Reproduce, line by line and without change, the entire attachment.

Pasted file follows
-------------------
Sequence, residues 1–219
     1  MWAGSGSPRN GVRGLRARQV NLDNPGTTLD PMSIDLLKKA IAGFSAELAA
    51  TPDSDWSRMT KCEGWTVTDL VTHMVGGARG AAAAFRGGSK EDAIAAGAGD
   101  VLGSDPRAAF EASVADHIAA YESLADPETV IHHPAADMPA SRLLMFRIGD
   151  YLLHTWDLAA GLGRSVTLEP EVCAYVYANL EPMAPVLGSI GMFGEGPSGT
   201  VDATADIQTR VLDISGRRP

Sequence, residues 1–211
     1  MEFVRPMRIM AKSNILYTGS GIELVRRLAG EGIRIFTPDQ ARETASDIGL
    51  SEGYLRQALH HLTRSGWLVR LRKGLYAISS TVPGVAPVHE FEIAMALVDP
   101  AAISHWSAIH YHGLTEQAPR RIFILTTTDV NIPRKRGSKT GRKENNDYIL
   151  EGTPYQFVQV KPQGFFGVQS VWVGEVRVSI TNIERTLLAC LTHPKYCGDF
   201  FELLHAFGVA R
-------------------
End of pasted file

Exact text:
Sequence, residues 1–219
     1  MWAGSGSPRN GVRGLRARQV NLDNPGTTLD PMSIDLLKKA IAGFSAELAA
    51  TPDSDWSRMT KCEGWTVTDL VTHMVGGARG AAAAFRGGSK EDAIAAGAGD
   101  VLGSDPRAAF EASVADHIAA YESLADPETV IHHPAADMPA SRLLMFRIGD
   151  YLLHTWDLAA GLGRSVTLEP EVCAYVYANL EPMAPVLGSI GMFGEGPSGT
   201  VDATADIQTR VLDISGRRP

Sequence, residues 1–211
     1  MEFVRPMRIM AKSNILYTGS GIELVRRLAG EGIRIFTPDQ ARETASDIGL
    51  SEGYLRQALH HLTRSGWLVR LRKGLYAISS TVPGVAPVHE FEIAMALVDP
   101  AAISHWSAIH YHGLTEQAPR RIFILTTTDV NIPRKRGSKT GRKENNDYIL
   151  EGTPYQFVQV KPQGFFGVQS VWVGEVRVSI TNIERTLLAC LTHPKYCGDF
   201  FELLHAFGVA R